Tuesday, June 5, 2012

My Unruly Yet Justified Neighbors

A few weeks ago I stumbled across the story of protests going on in Quebec. See link: http://www.aljazeera.com/news/americas/2012/05/2012516215036645965.html

When I found out about this I was really excited at first. According to the Al Jazeera article the Canadian Government plans to increase college and university tuition by nearly $300 until 2019. I'm sure many people stateside don't really understand why in the world Canadian students would protest over that. Most U.S. students would sigh and be irritated but how many would get out and do something? Fact is many students here are resigned to exacerbated tuition prices and simply take out more loans to cover expenses. My point is we simply accept U.S. education prices even though they continually rise and we end up with more debt. In a perfect world education would be free but everything on this earth has a cost. I fantasize about an educated population here getting out on the streets and demanding reasonable tuition but I wait in vain. The only equivalent is the recent occupy movement which was diminished prematurely in many areas.

Maybe the more than 100,000 students that came out to mark 100 days of protests will inspire American students. One fact is true, these educated youths have gotten the attention of those making the decisions. Dozens of schools have been closed as students are boycotting classes. The Montreal subway system has been shut down, windows smashed, and thousands arrested. This protest means a lot more in my mind because its a topic that is global at this moment. Students protested in London not too long ago. The cost of higher education is now forcing young people to make tough decisions. Instead of demanding a reasonably priced education here in the U.S., I find many students are asking themselves: should I go or should I not go? I believe lower and middle classed youths will continually not pursue professional degrees. I can't say I blame them. Prospects are fairly bleak at the moment for jobs. Inequality at it's finest.

I feel my generation is suffering from 'failure to launch syndrome.' Unfortunately higher education will always be in reach for wealthier families. While pursuing my graduate degree at Brandeis University, I couldn't help but be surrounded with these privileged young people. At times I couldn't believe the naivety and sense of entitlement that they felt they had. This contrasted from my undergraduate experience where I was surrounded by hardworking students scraping to get by and achieve. I'm happy I attended a state school to receive such an experience and at a decent rate. Many state schools are severely underrated and offer a great education for those unable to afford name brand schools however I still pay quite a bit for those four years. Quebecois students pay just over $2,000 a year for a university degree, not including living costs. The rest of Canada pays between $6,000 and $7,000. Oh Canada why do you always look so appealing?! Private education institutions are getting away with murder in the U.S. and this system is geared to accommodate them.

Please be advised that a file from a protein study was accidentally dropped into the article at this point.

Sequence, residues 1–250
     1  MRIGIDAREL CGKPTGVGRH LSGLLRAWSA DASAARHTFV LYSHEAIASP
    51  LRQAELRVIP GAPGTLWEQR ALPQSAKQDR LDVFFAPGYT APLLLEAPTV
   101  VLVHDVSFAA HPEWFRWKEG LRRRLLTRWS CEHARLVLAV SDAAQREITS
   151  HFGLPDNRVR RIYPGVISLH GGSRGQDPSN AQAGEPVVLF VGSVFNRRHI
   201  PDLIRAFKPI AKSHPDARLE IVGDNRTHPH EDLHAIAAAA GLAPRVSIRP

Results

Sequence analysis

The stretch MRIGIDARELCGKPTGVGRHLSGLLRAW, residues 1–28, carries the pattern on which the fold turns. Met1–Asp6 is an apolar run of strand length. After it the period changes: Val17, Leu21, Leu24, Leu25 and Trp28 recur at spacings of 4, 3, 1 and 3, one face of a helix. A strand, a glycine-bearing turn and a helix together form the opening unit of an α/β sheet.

I would like to challenge anyone of any political stance that disagrees that education is out of reach for the average American youth.  My unruly neighbors are very justified.  At this rate more and more will depend on social welfare safety nets. (See story at:http://abcnews.go.com/Business/growing-number-americans-phds-receiving-food-stamps-aid/story?id=16310858#.T8onDr_kAUp ) This ABC News story reported that, "of the 22 million Americans with master's degrees or higher in 2010, about 360,000 were receiving some kind of public assistance, according to the latest Current Population Survey released by the U.S. Census Bureau in March 2011.The number of people with master's degrees who received some kind of aid grew to 293,029 from 101,682 over the same three-year period." I should be afraid to read this but instead I'm angry that we are simply rolling over and accepting this. As a first generation college and nearly master's educated woman of mixed descent, I'm lucky to have excelled to where I am today. My grandmother once told me that once you have an education no one can take that away. What she didn't tell me is that such an education could be devalued and I would be paying it off until further notice. We will see if this is also true for Quebecois students yet I wish them well and still wait in vain stateside.

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